The cost to hospitals for locum SHO cover, in budget calculations is worrisome. However, the relationship between cost of locum cover and the decrease in the amount that is being paid to staff SHOs needs to be taken into account when discussing the cost of locum physicians. The question needs to be asked: If there was no hiring freeze and EWTA implementation how many more doctors would have been hired, and would this eliminate the need for locum cover to the extent that it now exists? As this study shows, the bottom line to hospital accounts should be relatively neutral as the cost/patient seen by a locum SHOs and staff SHOs is roughly equivalent.

Other aspects of arranging locum cover include the increased administrative work for organising locums and this cost has not been previously calculated as have any payment relations between hospitals, the HSE, and the locum agencies for their work. There is also an assumption that full time NCHDs are more likely to undergo full vetting and English language competency assessment in comparison to locum SHOs which is an important prospect in terms of quality assurance. Whether shortcuts have occurred because of the crisis has not been examined.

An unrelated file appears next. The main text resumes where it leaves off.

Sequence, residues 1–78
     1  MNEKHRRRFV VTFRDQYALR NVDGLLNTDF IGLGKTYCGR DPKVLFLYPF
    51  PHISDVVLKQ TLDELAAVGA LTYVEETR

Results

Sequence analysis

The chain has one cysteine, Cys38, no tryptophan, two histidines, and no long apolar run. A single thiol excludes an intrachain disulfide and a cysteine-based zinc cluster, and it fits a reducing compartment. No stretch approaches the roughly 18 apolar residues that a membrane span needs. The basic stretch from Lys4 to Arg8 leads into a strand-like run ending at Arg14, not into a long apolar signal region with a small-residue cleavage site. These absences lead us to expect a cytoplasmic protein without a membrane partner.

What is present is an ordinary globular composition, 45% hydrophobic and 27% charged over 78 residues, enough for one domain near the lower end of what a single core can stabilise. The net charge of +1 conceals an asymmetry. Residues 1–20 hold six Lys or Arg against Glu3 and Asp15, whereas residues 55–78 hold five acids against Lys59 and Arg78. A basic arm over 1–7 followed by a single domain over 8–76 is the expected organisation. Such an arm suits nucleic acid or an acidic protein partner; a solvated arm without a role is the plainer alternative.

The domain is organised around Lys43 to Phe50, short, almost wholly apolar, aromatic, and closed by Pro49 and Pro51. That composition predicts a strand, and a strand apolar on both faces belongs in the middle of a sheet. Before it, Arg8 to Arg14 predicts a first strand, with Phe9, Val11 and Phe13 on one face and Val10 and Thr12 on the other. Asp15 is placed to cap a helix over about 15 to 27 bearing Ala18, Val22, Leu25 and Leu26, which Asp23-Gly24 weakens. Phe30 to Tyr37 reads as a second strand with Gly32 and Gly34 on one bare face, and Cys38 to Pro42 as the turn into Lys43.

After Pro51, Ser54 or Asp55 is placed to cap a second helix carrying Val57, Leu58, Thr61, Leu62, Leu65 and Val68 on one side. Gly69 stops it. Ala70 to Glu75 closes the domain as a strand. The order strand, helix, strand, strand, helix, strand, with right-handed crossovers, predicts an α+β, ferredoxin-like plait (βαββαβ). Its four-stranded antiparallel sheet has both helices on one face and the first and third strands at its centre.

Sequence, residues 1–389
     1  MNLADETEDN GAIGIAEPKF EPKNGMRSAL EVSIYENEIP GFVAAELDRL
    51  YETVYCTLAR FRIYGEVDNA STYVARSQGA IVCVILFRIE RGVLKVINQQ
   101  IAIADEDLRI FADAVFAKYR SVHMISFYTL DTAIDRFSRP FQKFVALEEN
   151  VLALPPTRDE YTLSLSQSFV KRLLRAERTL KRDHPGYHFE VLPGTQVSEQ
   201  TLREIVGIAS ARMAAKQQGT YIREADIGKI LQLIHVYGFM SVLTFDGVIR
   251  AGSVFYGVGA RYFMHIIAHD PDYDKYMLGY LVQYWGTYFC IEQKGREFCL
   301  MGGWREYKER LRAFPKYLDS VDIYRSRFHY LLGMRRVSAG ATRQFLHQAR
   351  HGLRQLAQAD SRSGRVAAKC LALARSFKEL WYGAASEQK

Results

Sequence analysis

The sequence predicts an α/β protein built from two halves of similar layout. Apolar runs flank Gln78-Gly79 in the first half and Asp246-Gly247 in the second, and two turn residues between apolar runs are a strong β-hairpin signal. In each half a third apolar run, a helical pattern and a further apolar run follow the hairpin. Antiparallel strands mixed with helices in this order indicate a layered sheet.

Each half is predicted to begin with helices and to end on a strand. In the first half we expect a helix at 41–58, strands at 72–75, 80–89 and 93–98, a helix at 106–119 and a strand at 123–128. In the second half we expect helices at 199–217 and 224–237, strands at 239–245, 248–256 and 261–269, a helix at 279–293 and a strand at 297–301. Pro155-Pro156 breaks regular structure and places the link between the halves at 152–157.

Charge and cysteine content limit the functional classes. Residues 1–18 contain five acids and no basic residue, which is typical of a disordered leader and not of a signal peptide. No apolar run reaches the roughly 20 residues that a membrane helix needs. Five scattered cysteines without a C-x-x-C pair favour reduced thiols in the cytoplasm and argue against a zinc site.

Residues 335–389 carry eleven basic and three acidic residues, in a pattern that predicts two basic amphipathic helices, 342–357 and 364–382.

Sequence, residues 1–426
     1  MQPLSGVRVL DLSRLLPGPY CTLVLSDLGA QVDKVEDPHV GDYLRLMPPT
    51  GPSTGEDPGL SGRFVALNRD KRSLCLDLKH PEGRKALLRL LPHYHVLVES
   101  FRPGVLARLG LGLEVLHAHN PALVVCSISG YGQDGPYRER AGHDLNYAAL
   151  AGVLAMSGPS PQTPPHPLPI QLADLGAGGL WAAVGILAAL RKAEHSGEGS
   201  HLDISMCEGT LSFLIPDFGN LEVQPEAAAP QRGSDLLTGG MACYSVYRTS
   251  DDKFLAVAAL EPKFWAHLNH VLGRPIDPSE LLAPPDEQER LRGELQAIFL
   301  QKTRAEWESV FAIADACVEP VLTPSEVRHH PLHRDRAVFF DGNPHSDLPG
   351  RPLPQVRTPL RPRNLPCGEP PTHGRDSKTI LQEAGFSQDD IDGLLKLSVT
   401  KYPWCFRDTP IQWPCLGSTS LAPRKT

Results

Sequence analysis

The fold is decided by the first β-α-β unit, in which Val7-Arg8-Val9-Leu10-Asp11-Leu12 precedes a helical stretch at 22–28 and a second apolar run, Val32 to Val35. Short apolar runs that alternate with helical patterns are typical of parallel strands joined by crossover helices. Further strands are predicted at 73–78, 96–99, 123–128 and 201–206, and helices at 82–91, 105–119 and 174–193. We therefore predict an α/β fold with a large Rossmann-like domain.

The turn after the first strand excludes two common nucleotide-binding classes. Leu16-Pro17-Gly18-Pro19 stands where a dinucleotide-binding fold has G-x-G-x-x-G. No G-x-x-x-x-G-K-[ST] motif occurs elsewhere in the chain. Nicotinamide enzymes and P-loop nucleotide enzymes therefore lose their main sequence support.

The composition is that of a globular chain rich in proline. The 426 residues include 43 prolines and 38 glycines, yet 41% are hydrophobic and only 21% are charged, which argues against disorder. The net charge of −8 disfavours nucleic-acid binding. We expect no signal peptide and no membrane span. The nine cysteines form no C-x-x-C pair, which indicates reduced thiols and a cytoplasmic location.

What is clear is that the potential earnings that NCHDs can make is substantially increased by working as a locum. With the current economic doldrums and lack of training opportunities in the system coupled with increasing levels of graduating medical student debt, locuming could continue to attract more doctors looking for short-term exits from the current system of training and remuneration before re-entering the training system here or abroad.

Paul Dhillon was a locum doctor during the audit period. The concept of the audit and study was conceived after the month of November. Data from Andrew Murphy was used in the audit however he was blinded to it.

Thank you to Jacki Tobin, IT Department, MWRH for data generation and technical support.


Figure 1. Patient data for the 15 day study period


Figure 2. SHO remuneration



Definition:&nbsp;<br>Locum: A person who stands in temporarily for someone else of the same profession, especially a cleric or doctor (OED).Introduction<br